The problem we face is that modern technology has furnished the merchants of sin with new ways of catering to human lust, and modern society has invented new ways of sinning. Thus, in formulating a code of conduct, a Christian must name many illegitimate pastimes and pleasures that did not exist in Bible times. The Old Testament prophets did not shrink from denouncing all the specific forms of loathsome sin in their own time. So, in our time, we must shine the light of divine holiness into every corner where sin lurks. We must identify sins by name, as did the prophets, as did John the Baptist, as all other spokesmen for God have done.
Rules are legalistic. Some years ago a well-known Christian leader accused certain Christian colleges of legalistically focusing on dress codes and rules rather than the Spirit. Such disdain for separated Christians is common among more worldly Christians. But is it fair?
Strictly speaking, the term "legalistic" describes the belief that salvation is earned by good works. It is proper to call Catholics legalistic, for they say that salvation depends on rituals and moral living as well as on faith. It is proper to label the Judaizers in the early church as legalistic, for they taught that circumcision was necessary for salvation. But I have yet to meet a Christian fundamentalist who denies that salvation depends solely on the work of Christ. Therefore, a fundamentalist is not legalistic, in this sense, even though he may advocate certain rules.
The term "legalistic" also has a broader meaning, referring to misuse of the law in any of various ways. Yet in none of these ways is it legalistic to insist on some standards useful for curtailing worldliness.
- The multiplication of laws and rules beyond what is necessary would be legalistic. The Pharisees multiplied rules until they were so numerous that any modern attempt to compile them requires many volumes. But the traditional rules against worldly amusement are few in number, and they simplify Christian duty. The man who simply rejects all Hollywood movies saves himself many mistakes, as well as the time and anguish that another man wastes in trying to decide which are acceptable and which are not. Besides, what inevitably happens if you start looking through movies and TV programs in an attempt to find some that are okay? You end up seeing a lot of garbage that God does not want you to see. You know I am speaking the truth.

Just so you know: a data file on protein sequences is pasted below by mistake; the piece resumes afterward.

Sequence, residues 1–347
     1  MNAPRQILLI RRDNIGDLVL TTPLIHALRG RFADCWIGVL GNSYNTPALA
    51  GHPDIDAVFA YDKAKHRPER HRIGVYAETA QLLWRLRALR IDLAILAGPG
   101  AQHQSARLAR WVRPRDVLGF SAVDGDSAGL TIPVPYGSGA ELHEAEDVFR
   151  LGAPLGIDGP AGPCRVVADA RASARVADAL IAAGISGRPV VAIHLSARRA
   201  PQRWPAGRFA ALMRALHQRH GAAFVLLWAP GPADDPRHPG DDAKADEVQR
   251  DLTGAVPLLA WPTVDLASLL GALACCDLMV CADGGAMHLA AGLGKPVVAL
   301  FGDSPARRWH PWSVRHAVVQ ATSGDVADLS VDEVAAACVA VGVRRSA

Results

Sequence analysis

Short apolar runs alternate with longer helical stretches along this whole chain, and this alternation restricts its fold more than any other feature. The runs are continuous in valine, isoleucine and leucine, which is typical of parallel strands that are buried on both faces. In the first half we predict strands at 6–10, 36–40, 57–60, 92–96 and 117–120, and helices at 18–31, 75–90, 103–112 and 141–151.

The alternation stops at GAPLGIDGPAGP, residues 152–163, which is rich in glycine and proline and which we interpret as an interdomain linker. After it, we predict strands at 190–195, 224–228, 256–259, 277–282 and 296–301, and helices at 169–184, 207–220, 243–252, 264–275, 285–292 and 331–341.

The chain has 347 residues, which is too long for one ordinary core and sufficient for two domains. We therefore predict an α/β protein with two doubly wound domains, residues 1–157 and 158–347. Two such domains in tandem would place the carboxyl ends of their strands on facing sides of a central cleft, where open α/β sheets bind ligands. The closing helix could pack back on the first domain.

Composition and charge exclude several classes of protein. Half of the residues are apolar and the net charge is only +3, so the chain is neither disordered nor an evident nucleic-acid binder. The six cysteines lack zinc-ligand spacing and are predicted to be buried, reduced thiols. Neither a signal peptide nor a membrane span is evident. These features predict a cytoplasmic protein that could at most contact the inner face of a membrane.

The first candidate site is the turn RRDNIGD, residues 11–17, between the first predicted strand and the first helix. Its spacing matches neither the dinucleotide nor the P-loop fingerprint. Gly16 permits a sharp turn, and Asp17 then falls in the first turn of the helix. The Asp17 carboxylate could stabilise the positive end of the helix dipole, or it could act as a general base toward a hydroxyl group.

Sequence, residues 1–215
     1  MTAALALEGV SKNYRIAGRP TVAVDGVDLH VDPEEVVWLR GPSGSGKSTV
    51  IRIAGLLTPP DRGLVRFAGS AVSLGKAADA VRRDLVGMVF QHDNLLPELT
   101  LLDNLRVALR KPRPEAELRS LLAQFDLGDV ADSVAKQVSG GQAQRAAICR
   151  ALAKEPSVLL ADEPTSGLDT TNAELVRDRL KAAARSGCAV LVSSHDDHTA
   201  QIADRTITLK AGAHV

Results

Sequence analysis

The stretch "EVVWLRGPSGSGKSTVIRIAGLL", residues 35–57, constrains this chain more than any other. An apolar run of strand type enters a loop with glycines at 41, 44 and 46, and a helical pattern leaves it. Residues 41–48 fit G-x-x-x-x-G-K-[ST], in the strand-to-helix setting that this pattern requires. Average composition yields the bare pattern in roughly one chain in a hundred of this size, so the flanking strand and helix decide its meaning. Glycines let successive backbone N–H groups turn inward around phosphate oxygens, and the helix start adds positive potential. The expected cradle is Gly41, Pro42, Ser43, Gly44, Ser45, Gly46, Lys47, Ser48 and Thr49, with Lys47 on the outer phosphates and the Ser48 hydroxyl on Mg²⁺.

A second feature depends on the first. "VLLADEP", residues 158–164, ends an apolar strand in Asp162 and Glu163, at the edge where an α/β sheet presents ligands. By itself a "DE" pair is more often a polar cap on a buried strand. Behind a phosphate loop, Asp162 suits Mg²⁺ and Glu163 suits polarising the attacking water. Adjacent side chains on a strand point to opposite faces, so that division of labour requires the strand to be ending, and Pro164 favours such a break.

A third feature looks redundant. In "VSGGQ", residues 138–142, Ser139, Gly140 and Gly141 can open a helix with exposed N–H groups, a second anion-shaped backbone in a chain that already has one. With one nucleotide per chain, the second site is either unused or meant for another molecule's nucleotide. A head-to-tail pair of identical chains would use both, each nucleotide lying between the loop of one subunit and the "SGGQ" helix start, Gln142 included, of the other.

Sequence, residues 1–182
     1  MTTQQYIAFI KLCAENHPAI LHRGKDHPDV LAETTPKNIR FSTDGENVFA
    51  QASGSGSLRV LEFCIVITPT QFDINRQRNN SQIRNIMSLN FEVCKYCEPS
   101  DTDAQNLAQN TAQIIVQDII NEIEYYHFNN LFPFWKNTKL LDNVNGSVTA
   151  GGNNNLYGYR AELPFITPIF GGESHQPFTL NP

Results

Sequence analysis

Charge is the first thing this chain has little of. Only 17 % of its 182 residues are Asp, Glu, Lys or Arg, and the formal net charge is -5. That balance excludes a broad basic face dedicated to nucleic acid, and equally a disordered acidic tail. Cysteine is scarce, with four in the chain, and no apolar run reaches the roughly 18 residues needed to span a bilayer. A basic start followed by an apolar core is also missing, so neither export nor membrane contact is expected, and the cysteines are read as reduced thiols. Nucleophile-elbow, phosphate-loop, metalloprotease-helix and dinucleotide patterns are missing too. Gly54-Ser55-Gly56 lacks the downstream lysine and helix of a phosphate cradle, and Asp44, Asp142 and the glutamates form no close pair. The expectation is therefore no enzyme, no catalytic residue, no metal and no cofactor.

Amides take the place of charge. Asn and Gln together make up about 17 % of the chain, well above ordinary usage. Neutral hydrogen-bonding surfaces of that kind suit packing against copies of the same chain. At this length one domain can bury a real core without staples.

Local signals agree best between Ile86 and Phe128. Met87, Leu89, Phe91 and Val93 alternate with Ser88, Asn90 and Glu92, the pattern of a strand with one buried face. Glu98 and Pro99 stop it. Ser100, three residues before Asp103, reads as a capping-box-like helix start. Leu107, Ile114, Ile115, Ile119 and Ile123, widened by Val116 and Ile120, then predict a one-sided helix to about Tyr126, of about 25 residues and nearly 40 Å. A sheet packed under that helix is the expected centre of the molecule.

Are any Hollywood movies are truly pleasing to God? In recent years I have seen very few, but of the many I saw in my younger days, not one had the purpose of exalting God or giving Him the glory, yet we are to do all things to the glory of God (1 Cor. 10:31). Not one bolstered faith in the Bible or taught submission to the God of the Bible. It is possible to find in Hollywood’s output a few movies sympathetic to Roman Catholicism, as well as many others that look favorably on Eastern or mystical religions, but Bible religion never appears except as a target of ridicule.
- It would be legalistic to suppose that you become a good Christian just by obeying a few rules of personal separation. To spare the flock from this delusion, preachers should hammer away at all sin, not just worldliness, and they should keep denunciation of sin in balance with recommendation of worship and charity. Also, they should impress upon the flock the understanding that our highest duty is to love both God and man (Matt. 22:36-40).
- Any moral code without foundation in the law of God would be legalistic. The many rules of the Pharisees were legalistic in this sense. Jesus dismissed some of their ceremonial washings, for instance, as merely "the commandments of men" (Matt. 15:9). But in fact the rules against worldly amusement have a solid Biblical basis, in that they help a believer fulfill his duty to keep himself unspotted from the world (James 1:27). They assist him in overcoming the world's evil influence and resisting the world's enslaving pleasures.
To protect yourself from legalism, you should never impose a rule on yourself just because you hear someone recommend it, even though that person is a pastor or respected Christian leader. You should first be satisfied in your own heart that the rule fits a Biblical world view. But do not be quick to reject one of the time-honored rules as unbiblical. If you let the Spirit guide you in further searching of God’s will, you will discover how wise the rule is. Remember that God will judge you for your choices. Do not think that God will excuse a bad choice just because you saw it as harmless. Your opinion counts for nothing. It will never stand as an excuse if it rests on careless inattention to the real teaching of Scripture.